When the fire is ready, put the steaks on the grill over the hottest coals and sear them well on one side (about 4 minutes). Turn the steaks and continue to cook until done to your liking (4-5 minutes more for medium-rare). To check for doneness, poke each steak with your finger to test its firmness (see The “hand method”). If you’re unsure, make a cut in the thickest part of one steak; it should be slightly less done than you like. Transfer the steaks to a cutting board, cover loosely with foil, and allow them to rest for 5 minutes.

Thinly slice the steaks on the bias across the grain and serve, with the relish on the side.

• • • • • • • • • •

I decided to go with my last bottle of the [BANISHED] Wild Sour Golden Ale, a collaboration between Crooked Stave and Crux Fermentation Project, aged in red wine barrels.

Corned Beef, Braised Cabbage with Slab Bacon, Duck Fat Roasted Potatoes with Dill Horseradish Cream

Once again, St. Patrick’s Day has passed,and I did the usual Corned Beef and Braised Cabbage with Slab Bacon. But instead of the Roasted Fingerlings that I usually do, I decided to do the Duck Fat Roasted Potatoes. I left out the Rosemary and made a Dill Horseradish Sauce to go with the meal.

• • • • • • • • • •

I went with my last bottle of Curieux – Bourbon Barrel-Aged Belgian Tripel – from Allagash.

¡El Grande Fiesta Royale!

Another year has passed by… Time for my sister-in-law’s favorite: Cheese Enchiladas. As per usual, we put on a big spread. I bought some Chicharrón, Taqueria Mix Pickles, Salsa Verde, Guacamole and Tortilla Clips. I made Elotes, Cheese Enchiladas, Grilled Jalapeños, Rhubarb Salsa, Beer-Marinated Flank Steak. For desert, my wife made Flan.

• • • • • • • • • •

I had been saving these two beers for just this occasion: Bottleworks 15th Anniversary Ale – a Belgian Strong aged in Tequila barrels – from The Lost Abbey. And with dessert, I had a bottle of the Xocoveza Charred – a stout brewed with cocoa, coffee and spices to mimic Mexican hot chocolate that was aged in Bourbon Barrels – from Stone.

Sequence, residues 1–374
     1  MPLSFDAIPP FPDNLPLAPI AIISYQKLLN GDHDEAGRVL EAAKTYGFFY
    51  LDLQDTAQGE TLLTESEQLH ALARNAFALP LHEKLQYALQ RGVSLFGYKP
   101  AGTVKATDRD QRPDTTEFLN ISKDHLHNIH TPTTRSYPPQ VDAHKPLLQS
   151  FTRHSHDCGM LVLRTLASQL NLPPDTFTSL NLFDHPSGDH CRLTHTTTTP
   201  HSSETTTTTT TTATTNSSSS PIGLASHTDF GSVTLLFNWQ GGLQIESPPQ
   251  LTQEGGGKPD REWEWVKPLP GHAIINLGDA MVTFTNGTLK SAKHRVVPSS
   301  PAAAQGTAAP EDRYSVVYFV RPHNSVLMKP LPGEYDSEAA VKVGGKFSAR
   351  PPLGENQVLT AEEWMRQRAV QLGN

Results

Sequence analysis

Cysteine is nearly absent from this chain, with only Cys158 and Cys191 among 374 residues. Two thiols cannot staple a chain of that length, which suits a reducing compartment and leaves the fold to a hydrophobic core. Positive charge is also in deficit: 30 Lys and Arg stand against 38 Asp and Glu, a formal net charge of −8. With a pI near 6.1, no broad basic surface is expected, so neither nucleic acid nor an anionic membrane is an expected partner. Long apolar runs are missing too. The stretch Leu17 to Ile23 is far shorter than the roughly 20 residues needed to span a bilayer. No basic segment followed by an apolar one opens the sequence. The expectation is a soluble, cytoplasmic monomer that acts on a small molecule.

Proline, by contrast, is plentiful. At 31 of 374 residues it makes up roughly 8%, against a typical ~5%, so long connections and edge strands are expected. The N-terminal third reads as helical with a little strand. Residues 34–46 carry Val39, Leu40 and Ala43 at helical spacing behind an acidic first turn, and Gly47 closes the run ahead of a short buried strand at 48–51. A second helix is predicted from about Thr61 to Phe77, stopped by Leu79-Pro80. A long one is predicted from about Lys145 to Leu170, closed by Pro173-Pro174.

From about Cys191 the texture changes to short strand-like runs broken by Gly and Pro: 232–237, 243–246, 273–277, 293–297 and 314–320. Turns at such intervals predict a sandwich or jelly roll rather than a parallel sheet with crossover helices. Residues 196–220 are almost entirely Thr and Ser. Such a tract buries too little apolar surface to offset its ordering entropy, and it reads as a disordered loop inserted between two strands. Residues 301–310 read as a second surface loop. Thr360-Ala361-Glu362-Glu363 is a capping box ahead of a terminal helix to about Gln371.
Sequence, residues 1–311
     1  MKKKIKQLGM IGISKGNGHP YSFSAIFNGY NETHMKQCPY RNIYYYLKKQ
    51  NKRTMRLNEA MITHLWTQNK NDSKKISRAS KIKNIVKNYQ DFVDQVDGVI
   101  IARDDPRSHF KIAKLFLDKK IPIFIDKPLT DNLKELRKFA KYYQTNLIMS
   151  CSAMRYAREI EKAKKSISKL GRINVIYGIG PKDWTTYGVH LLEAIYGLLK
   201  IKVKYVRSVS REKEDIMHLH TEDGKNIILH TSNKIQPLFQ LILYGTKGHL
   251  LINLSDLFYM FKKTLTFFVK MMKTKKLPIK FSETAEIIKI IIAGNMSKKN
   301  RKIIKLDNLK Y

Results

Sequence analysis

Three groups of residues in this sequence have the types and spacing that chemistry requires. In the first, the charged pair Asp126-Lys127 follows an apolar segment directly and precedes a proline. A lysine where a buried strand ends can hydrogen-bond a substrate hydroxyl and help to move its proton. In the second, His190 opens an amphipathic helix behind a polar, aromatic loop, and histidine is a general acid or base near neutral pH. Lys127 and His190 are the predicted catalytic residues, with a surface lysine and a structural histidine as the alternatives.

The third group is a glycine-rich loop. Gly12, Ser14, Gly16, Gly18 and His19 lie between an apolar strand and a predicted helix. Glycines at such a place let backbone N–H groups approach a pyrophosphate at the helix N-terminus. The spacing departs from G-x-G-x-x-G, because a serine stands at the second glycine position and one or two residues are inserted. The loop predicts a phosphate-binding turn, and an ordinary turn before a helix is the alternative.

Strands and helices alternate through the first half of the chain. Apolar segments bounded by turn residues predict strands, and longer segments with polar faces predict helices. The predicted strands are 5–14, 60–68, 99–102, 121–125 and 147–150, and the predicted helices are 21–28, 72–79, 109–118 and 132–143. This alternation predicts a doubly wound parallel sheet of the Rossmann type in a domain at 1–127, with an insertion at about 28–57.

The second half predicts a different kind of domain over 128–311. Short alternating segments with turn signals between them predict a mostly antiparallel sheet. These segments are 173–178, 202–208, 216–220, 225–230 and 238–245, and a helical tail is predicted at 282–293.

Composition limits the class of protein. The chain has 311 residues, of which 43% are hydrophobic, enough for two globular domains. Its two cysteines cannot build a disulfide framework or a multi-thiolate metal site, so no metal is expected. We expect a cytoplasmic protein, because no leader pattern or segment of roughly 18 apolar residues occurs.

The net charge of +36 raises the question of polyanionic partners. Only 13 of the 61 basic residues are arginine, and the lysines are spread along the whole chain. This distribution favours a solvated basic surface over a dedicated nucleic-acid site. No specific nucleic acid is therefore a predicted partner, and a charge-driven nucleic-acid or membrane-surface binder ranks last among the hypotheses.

Wine Braised Beef Cheeks, Duck Fat Roasted Potatoes and Creamed Spinach

These were three different recipes that I’ve been meaning to try that I thought would work well together. The beef cheek recipe – which I have actually tried before – is from Gabriel Rucker’s Le Pigeon cookbook. The cheeks are braised in beef stock, mirepoix and an entire bottle of wine for 12 hours at 200°F. The potatoes recipe is from Serious Eats. The spinach recipe is my mother’s – which she cribbed from Ruth’s Chris Steakhouse.

Unfortunately, the beef cheeks were inedible. Not sure why, but it may have to do with how they were cut when I got them at the carniceria down the street. They were the only place I could find them – but they were frozen in a giant block of ice. So the butcher just cut me on a cube using a bandsaw.

• • • • • • • • • •

This seemed like the perfect meal for a bottle of Oregon Native – a collaboration between Upright Brewing and Patton Valley Vineyard.